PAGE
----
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Know Your Operator
| Friday, March 11, 2016 2:03:00 PM

Needing money to put herself through school, Renee Stafford taught swim lessons and worked as a lifeguard. But traveling between the University of Minnesota and her Mounds View home on Route 25, she was inspired to pursue a different line of work: driving a bus.

At 19-years-old, she submitted an application but was told she was too young. Within a month of her 21st birthday, after reaching the minimum age requirement, she tried again. And so began a career that has spanned nearly four decades, hundreds of thousands of miles and countless passengers. 

Stafford’s career choice still raises eyebrows among some family and friends. But no one is perhaps more astonished than Stafford that, after four decades of driving, she has become Metro Transit’s longest-tenured female operator.                                         

“I’m still pretty amazed by the fact that I get to move this 40-foot, 20-ton vehicle through heavy traffic, ice, snow or whatever,” she said. “I really get a kick out of the fact that this is what I’m doing.”

Surprising people has been a part of the job from the very beginning. When Stafford began in June 1976 she was among a handful of women driving buses. “We (women) were kind of an oddity when I started,” Stafford remembered. “Even now, people I meet away from work are shocked that I drive a city bus.”

That pressure was only compounded by the fact that Stafford had little experience in the urban environment she was now a part of. She remembers being “terrified” the first time she drove the bus alone in heavy traffic during rush hour – a Route 17A that ran from downtown Minneapolis to Uptown. 

The fear didn’t linger long, though. With each customer she met and each mile she drove, Stafford’s confidence grew. Today, she is widely recognized as a bright and cheerful presence both on the bus and with her peers at Nicollet Garage. (She also has a reputation for generosity: she and her husband have served as caretakers for three fellow bus operators stricken with cancer.)

“This job has helped me in a lot of ways, but in particular it’s taught me how to talk to people, because I was really forced to,” Stafford said. “I talk to everybody now, even if they don’t look particularly happy. I don’t want to say it’s a game, but I definitely take it as a challenge to get people to smile.”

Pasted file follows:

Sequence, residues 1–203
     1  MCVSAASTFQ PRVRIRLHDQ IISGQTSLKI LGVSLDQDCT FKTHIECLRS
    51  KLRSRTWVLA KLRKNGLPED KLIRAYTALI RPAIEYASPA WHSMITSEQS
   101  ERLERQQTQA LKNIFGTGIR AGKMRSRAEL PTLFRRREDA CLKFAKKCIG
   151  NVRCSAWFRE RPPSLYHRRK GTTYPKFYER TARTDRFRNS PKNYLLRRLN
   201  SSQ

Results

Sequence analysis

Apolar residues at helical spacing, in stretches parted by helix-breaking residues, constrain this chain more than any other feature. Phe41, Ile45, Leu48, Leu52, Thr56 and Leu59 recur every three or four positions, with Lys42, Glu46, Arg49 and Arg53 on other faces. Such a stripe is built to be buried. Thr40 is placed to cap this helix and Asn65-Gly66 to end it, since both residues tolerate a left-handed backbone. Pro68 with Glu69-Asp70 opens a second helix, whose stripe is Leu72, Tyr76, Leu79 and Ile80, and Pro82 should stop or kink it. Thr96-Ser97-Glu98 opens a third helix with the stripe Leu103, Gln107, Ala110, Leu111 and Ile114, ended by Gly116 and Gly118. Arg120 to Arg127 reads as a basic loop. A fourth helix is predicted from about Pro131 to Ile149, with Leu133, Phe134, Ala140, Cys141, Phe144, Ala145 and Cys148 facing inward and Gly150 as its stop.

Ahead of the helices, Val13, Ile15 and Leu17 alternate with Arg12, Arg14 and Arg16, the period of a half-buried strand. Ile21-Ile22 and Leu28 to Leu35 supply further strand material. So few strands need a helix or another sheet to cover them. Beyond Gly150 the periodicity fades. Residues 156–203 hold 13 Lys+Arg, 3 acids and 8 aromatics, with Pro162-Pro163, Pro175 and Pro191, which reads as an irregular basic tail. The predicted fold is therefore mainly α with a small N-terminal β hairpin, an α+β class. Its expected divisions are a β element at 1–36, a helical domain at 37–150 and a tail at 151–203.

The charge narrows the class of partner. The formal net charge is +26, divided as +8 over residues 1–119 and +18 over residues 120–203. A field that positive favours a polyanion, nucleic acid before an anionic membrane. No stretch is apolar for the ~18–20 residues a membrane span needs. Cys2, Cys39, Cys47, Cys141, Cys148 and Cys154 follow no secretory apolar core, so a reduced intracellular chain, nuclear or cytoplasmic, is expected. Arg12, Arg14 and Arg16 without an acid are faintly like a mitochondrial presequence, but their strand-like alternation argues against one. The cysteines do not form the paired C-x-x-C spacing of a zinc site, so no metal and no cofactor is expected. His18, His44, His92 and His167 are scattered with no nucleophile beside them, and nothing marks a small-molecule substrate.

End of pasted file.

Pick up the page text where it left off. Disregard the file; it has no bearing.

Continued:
Her eventual ease in the driver’s seat is part of the reason Stafford continued driving after graduating college. (A poor job market – combined with decisions to purchase a home and car – also provided some motivation.)

Not that her education hasn’t been useful. Stafford said she routinely applies the lessons she learned while studying to become a teacher, primarily when it comes to interacting with and helping customers.

“I have my degree and I think I use it every day, just maybe not in the way my parents thought I would,” she said.

In addition to her warm personality, Stafford prides herself on being a safe and reliable operator. She has 35 years of safe driving, which she credits largely to a commitment to the techniques taught in the Safety Keys training program.

“The Safety Keys are a big part of what I do,” Stafford said. “But I also always expect people to do the dumbest, most dangerous thing they could do.”

Her customers notice and appreciate her work. Driving Route 9 for the last six years, Stafford has become endeared to many longtime customers, including Minneapolis resident John Murphy. In a recent letter, Murphy thanked Stafford for being on time so he could catch his connecting bus and for always greeting him with a smile.

“Renee is not only an excellent bus driver, but very friendly and willing to chat,” he wrote. “I have been riding the bus for over 35 years and Renee is without a doubt the best driver I've ever had.”

As a Project Mobility operator, driving customers who could not use regular route bus service, Stafford became so beloved by a few of her customers that they even asked her to provide transportation on their wedding days.

The relationships Stafford has developed driving and among her fellow operators are what keeps her coming back.

“This job has allowed me to meet so many wonderful people, both passengers and co-workers,” she said. “I’m a better person for knowing them and that’s why I continue to love what I do, even after all these years.”

Name: Renee Stafford

Hired: June 1, 1976

Employee Number: 603

Garage: Nicollet

Hobbies: Renee regularly plays golf and also enjoys scuba diving, reading, gardening and traveling. She also has a small collection of holiday-themed and year-round snow globes. 

To better get to know those getting you around, Metro Transit offers these Know Your Operator profiles. If you'd like to suggest an operator for a future profile, please email ridersalmanac@metrotransit.org.

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